I’m not even going to start on how tickled I am about finding haggis chips.

As you can probably guess, you can buy a kilt here. In fact, you can even look up your family name so you get the right tartan. I’ve wanted Mark to get a kilt for forever, so he finally let me buy him one. Heheee…yay, kilts!

5. Food & Beverage

There’s a whole row at the festival dedicated to food. You can expect the usual fare of fish & chips (fried to perfection) and shepherds pie (pied to perfection). There’s also this potato chip pile/tower thing. I’m not sure how it’s made, but it’s kind of like if you take a potato spiral and arrange it like a beehive hairdo. It seemed very popular.

I think they also had burgers and brats and such, but the reason I am so unsure is because they have…HAGGIS. I’ll write more about haggis in another post, but Mark and I love haggis. Some may wonder why we would like a dish consisting of sheep or calf offal, but if you just try it, you’ll understand. Our 9-year old fell in love with it this year.

If you’re thirsty, there’s the usual water and soda. The lemonade is pretty darn tasty—especially if it’s a ridiculously hot day as we like to have in Virginia. There’s beer, and naturally an entire area for whisky tasting. There’s a separate registration fee for the whisky tasting. Mark and I love our scotch, but we haven’t partaken in the tastings here because we have a child with us, and she isn’t allowed in the tasting area.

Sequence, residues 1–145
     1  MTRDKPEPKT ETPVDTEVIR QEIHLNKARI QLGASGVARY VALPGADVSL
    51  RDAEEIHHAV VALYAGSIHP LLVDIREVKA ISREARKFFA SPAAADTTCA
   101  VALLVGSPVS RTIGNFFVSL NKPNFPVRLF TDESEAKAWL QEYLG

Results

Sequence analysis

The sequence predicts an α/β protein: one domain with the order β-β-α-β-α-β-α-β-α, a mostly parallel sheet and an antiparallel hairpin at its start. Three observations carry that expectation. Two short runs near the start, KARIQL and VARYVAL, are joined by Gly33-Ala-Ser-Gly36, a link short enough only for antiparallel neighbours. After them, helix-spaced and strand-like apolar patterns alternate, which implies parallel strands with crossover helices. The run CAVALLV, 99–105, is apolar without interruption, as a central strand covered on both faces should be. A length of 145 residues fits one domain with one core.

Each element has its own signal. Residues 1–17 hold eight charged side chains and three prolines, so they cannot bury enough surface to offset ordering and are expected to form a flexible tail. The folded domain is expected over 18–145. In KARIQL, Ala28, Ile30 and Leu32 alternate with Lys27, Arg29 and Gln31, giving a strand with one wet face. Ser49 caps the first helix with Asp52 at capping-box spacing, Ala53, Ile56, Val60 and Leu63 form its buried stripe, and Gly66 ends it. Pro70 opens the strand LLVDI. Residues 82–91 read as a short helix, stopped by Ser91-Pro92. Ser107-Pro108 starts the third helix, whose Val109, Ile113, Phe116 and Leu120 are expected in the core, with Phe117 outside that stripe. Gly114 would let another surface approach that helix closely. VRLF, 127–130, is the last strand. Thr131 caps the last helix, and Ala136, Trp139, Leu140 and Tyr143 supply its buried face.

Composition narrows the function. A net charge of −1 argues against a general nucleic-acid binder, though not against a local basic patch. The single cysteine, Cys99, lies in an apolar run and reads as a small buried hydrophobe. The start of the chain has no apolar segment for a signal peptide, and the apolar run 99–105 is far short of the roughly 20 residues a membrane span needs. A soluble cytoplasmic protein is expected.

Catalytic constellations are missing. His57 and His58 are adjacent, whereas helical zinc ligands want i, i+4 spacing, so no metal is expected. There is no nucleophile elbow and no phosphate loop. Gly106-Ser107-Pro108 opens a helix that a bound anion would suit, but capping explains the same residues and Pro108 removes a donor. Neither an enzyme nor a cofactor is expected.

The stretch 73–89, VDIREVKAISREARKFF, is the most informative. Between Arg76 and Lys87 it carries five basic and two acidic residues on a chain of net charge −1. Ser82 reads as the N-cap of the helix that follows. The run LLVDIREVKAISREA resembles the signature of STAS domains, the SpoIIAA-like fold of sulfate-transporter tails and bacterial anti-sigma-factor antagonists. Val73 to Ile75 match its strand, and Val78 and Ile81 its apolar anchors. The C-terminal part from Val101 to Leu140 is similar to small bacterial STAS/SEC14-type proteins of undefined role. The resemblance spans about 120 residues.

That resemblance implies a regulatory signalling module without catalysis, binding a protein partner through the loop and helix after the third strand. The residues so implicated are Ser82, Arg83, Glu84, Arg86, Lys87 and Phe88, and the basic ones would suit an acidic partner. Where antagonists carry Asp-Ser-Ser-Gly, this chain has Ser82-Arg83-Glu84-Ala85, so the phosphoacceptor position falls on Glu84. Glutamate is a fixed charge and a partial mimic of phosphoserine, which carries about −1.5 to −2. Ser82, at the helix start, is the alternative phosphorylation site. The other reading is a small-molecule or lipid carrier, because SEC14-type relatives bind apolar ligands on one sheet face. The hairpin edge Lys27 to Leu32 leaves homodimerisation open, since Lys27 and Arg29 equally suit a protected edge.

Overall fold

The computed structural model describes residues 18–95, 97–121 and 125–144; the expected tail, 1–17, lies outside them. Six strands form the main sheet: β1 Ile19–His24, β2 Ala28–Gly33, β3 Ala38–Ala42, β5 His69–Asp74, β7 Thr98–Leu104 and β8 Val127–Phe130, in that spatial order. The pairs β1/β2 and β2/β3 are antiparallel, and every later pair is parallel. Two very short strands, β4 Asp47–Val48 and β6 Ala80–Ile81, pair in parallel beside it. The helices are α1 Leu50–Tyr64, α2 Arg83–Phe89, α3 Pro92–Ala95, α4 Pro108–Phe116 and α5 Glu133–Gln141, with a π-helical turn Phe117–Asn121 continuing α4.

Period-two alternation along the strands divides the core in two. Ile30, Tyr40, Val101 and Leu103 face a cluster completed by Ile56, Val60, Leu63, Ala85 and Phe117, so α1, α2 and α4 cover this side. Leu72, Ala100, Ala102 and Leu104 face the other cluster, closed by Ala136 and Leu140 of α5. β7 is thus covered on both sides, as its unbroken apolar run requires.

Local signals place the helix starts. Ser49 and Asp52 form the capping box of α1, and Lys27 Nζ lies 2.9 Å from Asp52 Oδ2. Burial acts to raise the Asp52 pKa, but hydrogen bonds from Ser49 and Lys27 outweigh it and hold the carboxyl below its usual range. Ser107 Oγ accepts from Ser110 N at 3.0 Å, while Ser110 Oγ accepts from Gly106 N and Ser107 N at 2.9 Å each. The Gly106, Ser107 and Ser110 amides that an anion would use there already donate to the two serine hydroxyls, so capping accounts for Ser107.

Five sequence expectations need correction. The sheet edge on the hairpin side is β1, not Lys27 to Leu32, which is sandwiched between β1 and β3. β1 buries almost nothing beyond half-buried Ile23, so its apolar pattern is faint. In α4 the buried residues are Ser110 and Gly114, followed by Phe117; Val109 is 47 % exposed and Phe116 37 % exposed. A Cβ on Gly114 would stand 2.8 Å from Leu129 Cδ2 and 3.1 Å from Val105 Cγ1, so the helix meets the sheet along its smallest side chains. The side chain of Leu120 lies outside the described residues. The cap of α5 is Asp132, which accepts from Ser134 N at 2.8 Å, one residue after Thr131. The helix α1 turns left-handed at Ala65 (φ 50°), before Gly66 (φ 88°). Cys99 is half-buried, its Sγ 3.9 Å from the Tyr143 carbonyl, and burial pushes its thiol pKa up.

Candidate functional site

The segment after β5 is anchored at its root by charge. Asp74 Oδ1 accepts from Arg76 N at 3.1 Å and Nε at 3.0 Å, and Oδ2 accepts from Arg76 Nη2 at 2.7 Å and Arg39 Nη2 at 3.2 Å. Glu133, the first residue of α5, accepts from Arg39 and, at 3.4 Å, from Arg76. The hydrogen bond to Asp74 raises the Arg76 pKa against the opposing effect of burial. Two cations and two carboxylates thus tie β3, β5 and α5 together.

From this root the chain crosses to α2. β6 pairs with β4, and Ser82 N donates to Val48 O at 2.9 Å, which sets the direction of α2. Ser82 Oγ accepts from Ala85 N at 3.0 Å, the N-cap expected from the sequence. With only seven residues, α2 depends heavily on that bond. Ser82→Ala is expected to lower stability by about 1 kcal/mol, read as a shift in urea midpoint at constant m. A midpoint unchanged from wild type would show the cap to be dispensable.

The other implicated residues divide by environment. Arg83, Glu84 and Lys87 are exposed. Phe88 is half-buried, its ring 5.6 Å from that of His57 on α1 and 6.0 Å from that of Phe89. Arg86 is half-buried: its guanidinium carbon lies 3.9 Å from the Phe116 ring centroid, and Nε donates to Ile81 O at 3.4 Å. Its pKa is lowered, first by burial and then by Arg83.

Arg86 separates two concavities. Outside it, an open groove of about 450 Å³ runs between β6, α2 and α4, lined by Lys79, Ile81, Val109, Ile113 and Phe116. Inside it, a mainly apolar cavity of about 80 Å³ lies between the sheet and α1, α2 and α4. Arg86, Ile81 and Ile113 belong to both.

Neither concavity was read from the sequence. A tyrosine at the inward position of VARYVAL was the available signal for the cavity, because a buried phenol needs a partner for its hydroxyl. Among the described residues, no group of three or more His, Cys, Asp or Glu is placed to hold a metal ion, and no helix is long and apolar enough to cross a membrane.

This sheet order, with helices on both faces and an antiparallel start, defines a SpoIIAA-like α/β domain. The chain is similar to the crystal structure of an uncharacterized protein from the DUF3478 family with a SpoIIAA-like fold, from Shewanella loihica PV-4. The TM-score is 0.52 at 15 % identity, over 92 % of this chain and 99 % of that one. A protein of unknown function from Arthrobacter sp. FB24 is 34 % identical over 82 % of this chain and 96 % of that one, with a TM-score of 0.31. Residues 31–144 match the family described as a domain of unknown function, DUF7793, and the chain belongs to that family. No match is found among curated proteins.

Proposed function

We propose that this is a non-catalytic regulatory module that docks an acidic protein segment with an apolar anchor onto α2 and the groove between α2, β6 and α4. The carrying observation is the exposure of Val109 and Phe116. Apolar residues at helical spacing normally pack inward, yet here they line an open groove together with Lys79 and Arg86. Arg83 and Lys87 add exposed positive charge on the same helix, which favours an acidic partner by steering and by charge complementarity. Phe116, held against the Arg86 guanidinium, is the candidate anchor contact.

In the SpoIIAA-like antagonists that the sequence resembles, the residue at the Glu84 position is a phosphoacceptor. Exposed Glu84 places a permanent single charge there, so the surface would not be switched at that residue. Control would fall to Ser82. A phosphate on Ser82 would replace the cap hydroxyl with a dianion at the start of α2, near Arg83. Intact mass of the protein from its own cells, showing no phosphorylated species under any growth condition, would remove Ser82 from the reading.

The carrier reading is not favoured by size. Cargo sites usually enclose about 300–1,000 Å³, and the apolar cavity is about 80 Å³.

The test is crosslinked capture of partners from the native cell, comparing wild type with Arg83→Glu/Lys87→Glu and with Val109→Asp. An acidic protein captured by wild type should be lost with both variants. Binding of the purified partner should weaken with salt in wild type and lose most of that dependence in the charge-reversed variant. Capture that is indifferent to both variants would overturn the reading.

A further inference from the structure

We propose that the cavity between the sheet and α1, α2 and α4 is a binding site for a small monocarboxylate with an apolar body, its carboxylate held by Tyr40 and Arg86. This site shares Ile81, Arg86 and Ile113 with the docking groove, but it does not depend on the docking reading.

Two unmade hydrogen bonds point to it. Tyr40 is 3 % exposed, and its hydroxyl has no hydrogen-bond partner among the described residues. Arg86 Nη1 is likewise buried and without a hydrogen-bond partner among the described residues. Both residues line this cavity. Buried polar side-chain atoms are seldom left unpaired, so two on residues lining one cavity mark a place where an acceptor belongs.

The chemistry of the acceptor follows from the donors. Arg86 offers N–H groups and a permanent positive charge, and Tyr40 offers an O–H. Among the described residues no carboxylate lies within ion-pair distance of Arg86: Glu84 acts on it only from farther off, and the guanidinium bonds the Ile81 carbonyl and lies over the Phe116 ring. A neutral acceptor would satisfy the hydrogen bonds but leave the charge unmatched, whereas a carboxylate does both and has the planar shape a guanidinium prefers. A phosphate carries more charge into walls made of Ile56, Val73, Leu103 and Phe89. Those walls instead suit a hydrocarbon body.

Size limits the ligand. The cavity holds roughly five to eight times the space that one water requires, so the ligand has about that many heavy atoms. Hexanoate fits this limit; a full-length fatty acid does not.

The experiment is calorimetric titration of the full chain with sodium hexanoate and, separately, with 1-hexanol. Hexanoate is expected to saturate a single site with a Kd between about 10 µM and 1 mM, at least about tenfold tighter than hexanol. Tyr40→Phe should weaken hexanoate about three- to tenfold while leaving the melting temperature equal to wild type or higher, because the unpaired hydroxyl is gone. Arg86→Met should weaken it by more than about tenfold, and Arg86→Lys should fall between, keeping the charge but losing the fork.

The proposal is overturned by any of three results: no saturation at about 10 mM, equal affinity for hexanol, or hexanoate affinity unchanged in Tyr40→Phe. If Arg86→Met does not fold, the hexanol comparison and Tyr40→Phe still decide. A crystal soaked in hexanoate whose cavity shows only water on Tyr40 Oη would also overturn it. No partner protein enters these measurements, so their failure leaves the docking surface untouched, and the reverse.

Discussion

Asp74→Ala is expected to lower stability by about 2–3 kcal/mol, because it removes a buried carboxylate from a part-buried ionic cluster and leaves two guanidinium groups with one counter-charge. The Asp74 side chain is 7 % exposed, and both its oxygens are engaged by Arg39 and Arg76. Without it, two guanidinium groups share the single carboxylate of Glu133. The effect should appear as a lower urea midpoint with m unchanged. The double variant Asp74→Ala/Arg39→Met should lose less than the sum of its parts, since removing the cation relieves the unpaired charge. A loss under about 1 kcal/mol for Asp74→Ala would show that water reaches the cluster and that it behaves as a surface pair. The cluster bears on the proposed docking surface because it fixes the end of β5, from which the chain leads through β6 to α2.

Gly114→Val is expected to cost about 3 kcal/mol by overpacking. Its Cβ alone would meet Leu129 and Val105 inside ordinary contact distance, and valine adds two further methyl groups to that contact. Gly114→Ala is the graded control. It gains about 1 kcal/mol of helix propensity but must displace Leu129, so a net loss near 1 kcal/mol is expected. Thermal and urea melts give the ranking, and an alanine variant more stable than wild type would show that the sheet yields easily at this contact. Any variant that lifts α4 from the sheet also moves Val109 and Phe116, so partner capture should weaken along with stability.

There were desserts…strawberry shortcake and ice cream, for sure. We didn’t make it to the desserts this year, but last year we did get the ice cream.

6. Music

There’s a variety of Celtic music, and all throughout the day you can hear the sound of a fiddle, tin whistle, or drum. You can even learn some Scottish country dancing.

Yes, there are bagpipes, and they are amazing.

7. Kilts

If one must determine the true Scottishness of an event by the number of kilts present, then this can officially be called a very Scottish event. The athletes are in kilts. The clans are in kilts. There are pipers in kilts. The attendees are in kilts. You can buy kilts.

Kilts are great. We love kilts.

Note: you don’t have to wear a kilt to attend. No one will be mad…to your face. I’m kidding. It’s a very happy time, kilt or not.

8. Games

When I think of Scottish games, I think of golf and lifting stones. In one, you hit the incredibly small ball as far as you can into an incredibly small hole. In the other, you lift a massive boulder to prove your strength.